Donald O. Latsha

1930 - 1993

Don Latsha was raised in a family where music was an important part of life. Both of his parents, David and Mabel Latsha, were amateur musicians who enjoyed singing and playing their violins. Following graduation in 1948 from Laurelwood Academy where he played clarinet and saxophone in band, Latsha pursued and completed a B.Mus.Ed. with a major in clarinet at Walla Walla College under the tutelage of Clarence Trubey. During this time he met and married Leora Gass.

Following graduation in 1953, Latsha began a 24-year career as band director that would include service at four Seventh-day Adventist academies in the state of Washington. His first teaching appointment was at Yakima Valley Academy where he taught for three years. In 1956, he accepted a position at Upper Columbia Academy where he led the band until 1963. While at UCA he learned to fly and earned his flight instructor's certification.

In 1963, he moved to Columbia Academy, now Columbia Adventist Academy, where he directed the band, gave lessons and taught flying for the next four years. He completed a master's degree at Andrews University in 1968 and returned to the Northwest where he taught both music and flying at Auburn Adventist Academy.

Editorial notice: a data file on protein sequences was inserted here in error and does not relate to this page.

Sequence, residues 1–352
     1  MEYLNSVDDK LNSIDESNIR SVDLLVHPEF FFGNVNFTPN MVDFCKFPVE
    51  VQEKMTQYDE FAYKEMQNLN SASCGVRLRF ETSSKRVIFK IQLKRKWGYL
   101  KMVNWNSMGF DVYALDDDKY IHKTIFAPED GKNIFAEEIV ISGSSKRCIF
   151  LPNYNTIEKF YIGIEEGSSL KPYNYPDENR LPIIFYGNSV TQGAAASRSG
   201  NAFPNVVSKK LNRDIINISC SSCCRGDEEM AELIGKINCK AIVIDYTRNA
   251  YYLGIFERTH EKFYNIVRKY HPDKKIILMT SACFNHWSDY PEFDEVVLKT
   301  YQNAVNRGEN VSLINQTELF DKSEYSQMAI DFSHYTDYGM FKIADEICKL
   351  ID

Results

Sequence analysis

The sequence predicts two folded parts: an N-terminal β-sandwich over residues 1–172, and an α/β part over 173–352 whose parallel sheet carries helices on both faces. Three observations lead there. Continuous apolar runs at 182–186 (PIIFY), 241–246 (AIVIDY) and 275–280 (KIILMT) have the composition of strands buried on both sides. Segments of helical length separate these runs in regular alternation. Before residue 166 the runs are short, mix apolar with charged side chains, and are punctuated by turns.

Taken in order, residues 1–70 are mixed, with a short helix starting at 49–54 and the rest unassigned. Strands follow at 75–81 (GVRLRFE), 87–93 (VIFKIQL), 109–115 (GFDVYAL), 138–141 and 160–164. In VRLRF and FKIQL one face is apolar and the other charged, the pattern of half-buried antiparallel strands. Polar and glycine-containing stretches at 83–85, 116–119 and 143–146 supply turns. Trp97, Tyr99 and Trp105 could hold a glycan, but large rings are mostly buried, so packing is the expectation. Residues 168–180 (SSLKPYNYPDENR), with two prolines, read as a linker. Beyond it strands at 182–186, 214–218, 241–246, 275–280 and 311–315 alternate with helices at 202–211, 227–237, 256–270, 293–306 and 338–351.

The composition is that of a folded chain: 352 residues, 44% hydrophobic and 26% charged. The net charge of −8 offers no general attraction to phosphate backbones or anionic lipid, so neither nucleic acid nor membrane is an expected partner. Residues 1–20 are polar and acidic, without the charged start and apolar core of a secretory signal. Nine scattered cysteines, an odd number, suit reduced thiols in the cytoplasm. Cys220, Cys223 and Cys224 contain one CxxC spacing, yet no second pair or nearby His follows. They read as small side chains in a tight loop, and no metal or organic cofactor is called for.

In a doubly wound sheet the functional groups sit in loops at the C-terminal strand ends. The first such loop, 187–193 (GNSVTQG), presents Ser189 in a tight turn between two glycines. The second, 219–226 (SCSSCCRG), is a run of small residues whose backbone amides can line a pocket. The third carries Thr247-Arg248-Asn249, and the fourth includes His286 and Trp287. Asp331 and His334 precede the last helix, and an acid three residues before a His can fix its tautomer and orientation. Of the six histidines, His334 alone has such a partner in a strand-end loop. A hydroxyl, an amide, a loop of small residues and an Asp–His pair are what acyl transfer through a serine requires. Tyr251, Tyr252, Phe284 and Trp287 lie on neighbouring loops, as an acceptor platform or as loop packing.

Latsha left teaching in 1977, to live on a five-acre farm in the Enumclaw, Washington, area. Eleven years later, he and his wife relocated to Inchelium, a small community in the northern part of the state that overlooks Roosevelt Lake, a body of water created by the Grand Coulee Dam. He died in November 1993, when a tractor he was driving rolled over. The Latshas' three daughters and two sons, were all involved in music at schools they attended.



Source: Interview with his wife, Leora Gass Latsha, 2005.